on how teachers can help their students improve
their learning and performance.
Model to generate critical thinking
Description
When?
Who?
What?
Where?
Topic / Issue
Why?
What next?
So What?
Evaluation
Analysis
How?
What if?
Signposting
• Indicator words for claims
– Therefore, thus, hence, so, as a result
• Indicator words for reasons
– Because, since, on account of, for, in view of, for
the reason that
• Similarity, contrasts, alternatives
• Listing
• Reporting verbs
http://flower987.wikispaces.com/file/view/LC_worksheet
_linking%2520words.pdf
http://www.phrasebank.manchester.ac.uk/
Bodo Slotta, T.A. (2000) Phylogenetic analysis of Iliamna
(Malvaceae) using the internal transcribed spacer region.
Unpublished master’s thesis. Retrieved from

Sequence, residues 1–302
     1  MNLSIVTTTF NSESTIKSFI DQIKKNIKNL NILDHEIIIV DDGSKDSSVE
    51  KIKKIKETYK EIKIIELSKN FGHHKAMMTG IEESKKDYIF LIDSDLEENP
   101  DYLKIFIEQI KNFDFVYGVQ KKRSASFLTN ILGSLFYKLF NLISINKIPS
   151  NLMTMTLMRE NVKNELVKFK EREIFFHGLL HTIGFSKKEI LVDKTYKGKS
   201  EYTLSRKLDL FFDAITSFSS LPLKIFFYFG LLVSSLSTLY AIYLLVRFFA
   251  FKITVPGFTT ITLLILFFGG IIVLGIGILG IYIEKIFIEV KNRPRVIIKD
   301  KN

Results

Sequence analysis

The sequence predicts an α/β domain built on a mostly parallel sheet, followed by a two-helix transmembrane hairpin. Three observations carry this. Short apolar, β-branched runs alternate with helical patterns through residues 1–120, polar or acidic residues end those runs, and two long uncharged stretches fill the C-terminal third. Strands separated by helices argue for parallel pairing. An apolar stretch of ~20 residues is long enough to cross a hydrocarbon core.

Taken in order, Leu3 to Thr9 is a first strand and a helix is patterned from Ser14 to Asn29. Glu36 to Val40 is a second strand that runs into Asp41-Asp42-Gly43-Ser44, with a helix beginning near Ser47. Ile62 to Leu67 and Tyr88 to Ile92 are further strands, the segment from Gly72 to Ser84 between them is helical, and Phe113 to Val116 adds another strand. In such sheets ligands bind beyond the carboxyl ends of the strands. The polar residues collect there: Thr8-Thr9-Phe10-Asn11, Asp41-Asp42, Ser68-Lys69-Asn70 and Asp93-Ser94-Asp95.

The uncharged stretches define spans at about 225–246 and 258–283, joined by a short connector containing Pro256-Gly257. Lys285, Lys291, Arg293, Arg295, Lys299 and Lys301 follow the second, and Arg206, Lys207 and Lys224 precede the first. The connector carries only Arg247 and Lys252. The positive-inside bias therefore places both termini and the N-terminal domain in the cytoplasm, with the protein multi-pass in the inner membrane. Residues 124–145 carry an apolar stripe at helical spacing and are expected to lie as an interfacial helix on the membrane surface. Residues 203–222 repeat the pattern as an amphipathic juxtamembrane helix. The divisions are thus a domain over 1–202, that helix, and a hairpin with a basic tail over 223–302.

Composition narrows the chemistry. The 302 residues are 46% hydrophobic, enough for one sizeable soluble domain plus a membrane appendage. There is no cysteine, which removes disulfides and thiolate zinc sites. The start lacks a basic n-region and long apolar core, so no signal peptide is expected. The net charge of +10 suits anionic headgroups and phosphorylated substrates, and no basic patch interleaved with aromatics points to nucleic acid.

http://www.uwc.ucf.edu on 8 Jun 2007.
In large gene families with tandem repeats, as is the case for
nrDNA, unequal crossing-over may be more important than
gene conversion in the concerted evolution process (Li, 1997).
For example, the number of repeats can fluctuate without
having any adverse effects. With a larger number of repeats
being exchanged, the rate of concerted evolution increases as
well. Correspondingly, homogeneity increases as the number of
repeats increases. Rate then increases as homogeneity among
the copies increases, leading to a self-feeding repetition. As a
result of this process, it is believed that nrDNA is found in up to
thousands of copies in the nuclear genome (Baldwin et al.,
1995).
Your Intentions
Introduction
Conclusion
Mullins, G. & Kiley, M. (2002). ‘It’s a PhD, not a Nobel Prize’: how experienced